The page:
Kerry complains of unfair criteria

ST. LOUIS, MO ( political analysts declared a statistical tie in last night's tightly contested presidential debate, but President Bush the psychological "winner."

That was because, for the first time in more than four years, the President uttered a few sentences that nearly made sense and, even more surprisingly, had at least some resemblance to grammatical rules.

John Kerry's team immediately protested, saying the criteria for the two contenders was unfair.

"If President Bush utters a sentence that one can make any sense of, and that has some semblance of grammar, no matter how outlandish, everyone is so surprised they clap and cheer," said Mary Beth Cahill, John Kerry's campaign manager. "It's like the slowest kid in school, everyone's given up on him. So when one day he gets 20% on a test on which normally he gets nothing right, everyone--his peers, the teacher--is incredibly surprised and cheers him on. But if the smartest kid in the class gets 80% when he normally aces it, everyone's disappointed. And that's the situation we're presently in."

"Fair, unfair, that's the way it is, " said William Schneider, CNN's senior political analyst. "If a mentally challenged fellow gets through a comic book and has some idea of what it's about, we all cheer for the guy. It's just that in this case, the fellow happens to be the President of the United States."

The sentences in the middle of the controversy came in response to a question about a report released this week re-iterating no evidence of weapons of mass destruction.

The President responded: "I wasn't happy when we found out there wasn't no weapons. But Saddam Hussein was a threat; he'd shoot a rifle from the terrace of his palace. And everyone knows you shouldn't shoot no rifle in public like that. That's real dangerous. So--where was I?--the world's better off without him in power, I figure. And my opponent's plans leads me to conclude that Saddam Hussein would still be in power, and holding that rifle, and the world sure would be more dangerous."

The President's response was met with several moments of incredulous silence, then the crowd erupted into a 5-minute standing ovation.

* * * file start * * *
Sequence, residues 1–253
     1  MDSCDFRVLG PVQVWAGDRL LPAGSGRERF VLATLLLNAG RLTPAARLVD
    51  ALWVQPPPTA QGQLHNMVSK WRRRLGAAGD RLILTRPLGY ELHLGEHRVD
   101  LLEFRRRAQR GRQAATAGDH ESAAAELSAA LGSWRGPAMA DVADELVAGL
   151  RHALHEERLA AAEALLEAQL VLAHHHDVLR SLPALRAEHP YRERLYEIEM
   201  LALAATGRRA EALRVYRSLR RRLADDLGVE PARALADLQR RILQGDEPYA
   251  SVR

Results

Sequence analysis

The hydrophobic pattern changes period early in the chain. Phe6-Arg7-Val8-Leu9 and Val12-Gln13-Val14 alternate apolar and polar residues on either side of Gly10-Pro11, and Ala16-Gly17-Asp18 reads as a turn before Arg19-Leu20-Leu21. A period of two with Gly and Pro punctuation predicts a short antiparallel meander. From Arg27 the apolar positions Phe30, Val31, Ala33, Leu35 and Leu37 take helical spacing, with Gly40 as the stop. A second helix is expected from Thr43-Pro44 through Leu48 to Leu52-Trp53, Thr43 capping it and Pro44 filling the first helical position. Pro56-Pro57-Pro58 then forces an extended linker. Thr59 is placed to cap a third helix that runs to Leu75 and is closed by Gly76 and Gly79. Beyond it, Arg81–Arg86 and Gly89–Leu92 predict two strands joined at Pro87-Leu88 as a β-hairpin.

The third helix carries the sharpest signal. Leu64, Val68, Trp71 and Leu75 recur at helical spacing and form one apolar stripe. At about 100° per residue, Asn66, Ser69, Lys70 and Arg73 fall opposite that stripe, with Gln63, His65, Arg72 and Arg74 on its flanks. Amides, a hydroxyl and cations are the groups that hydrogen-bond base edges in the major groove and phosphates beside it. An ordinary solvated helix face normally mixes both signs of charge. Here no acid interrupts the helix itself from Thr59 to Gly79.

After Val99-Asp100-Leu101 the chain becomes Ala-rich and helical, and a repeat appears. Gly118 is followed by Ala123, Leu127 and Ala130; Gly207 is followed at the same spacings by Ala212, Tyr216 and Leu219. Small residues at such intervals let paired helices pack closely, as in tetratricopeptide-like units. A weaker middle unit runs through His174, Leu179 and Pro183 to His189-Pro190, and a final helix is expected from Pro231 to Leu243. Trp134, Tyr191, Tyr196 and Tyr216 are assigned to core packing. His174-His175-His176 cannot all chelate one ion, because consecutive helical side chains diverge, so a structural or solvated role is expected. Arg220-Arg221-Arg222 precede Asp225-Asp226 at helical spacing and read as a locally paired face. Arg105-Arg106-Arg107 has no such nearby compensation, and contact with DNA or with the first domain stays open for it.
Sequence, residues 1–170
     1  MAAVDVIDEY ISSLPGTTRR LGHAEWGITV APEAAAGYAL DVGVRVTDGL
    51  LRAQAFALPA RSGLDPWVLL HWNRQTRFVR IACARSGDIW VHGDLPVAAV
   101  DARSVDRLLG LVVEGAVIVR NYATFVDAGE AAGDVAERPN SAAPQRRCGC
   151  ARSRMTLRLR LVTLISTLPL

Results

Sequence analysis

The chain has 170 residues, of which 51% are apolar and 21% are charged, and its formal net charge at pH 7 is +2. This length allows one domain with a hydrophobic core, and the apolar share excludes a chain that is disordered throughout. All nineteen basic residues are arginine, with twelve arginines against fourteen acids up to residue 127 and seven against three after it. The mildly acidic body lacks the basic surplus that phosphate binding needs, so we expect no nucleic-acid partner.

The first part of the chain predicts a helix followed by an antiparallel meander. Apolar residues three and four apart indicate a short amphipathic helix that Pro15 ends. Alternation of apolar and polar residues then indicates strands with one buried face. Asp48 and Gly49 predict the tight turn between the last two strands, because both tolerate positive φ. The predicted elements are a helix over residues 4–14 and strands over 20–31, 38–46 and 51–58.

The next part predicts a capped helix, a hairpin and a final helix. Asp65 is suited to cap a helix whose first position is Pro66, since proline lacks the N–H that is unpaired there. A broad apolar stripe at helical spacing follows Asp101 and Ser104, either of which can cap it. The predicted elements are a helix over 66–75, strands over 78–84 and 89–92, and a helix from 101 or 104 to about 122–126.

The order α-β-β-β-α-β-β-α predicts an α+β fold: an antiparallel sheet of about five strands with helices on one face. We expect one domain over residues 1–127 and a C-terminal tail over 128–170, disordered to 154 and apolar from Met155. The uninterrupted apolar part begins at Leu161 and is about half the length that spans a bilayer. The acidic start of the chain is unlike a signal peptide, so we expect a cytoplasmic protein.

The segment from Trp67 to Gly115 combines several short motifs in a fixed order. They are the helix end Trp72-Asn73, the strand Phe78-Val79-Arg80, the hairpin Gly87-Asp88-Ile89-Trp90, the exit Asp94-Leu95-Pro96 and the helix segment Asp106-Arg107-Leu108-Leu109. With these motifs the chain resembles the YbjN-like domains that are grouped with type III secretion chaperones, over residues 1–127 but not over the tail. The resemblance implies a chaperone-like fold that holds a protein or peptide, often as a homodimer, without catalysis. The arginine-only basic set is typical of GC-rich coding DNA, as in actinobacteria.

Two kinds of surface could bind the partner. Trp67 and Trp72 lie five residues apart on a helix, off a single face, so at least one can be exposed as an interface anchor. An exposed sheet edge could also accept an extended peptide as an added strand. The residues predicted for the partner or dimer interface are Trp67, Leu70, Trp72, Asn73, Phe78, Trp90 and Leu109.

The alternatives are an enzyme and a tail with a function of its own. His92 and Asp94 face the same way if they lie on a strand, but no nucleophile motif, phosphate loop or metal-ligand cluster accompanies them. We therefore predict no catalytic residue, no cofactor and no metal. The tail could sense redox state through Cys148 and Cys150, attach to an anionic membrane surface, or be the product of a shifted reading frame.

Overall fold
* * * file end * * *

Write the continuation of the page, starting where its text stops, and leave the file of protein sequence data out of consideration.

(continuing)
Several Bush supporters yelled, "Encore, encore," and the President, seemingly as surprised as anyone, pumped his hands over his head like a gold medallist.

Emboldened by the response, he continued: "And if a rifle ain't no weapon of mass de"--

However, before the President could ruin his previous statement, the mediator, ABC's Charles Gibson, cut him short: "Mr. President, with respect, I think you should quit while you're ahead on this one. Next question."

The President nodded.

Possibly enhancing Cahill's allegations, the next questionnaire, a plump woman identifying herself as Janet, a cashier from Bonne Terre, a small town in Missouri, said: "I have two questions. Senator Kerry, what do you make of Hobbes' position on Fate vs. Free will and how does it differ from yours? And President Bush, what is your favorite flavor of ice cream?"

Senator Kerry responded: "Well, Janet, I'm glad you asked that question. It's been a long time since I read Hobbes' position, but if I'm not mistaken, Hobbes states that man wants to do some things but not others. The last decision is called will. He deliberates and then acts. My position isn't dissimilar to his in this matter."

Kerry's response was met with silence, but this time no applause. Even Mr Gibson was shaking his head.

Then answered President Bush: "Janet, I know you agree with me when I says Senator Kerry's opinion's a bit wishy-washy." Again, the town hall erupted into wild applause. "And, my favorite flavor? Let me answer you honestly and decisively: Ben and Jerry's Chubby Bubbly…Dubbly Hubby…heck, Janet, you know what I mean."

The wild applause turned into cries of "encore, encore," and "bravo."

A few roses even fell at the President's feet. He picked one up, smelled it and blew the audience a kiss.

Copyright © 2004, TheShortStraw


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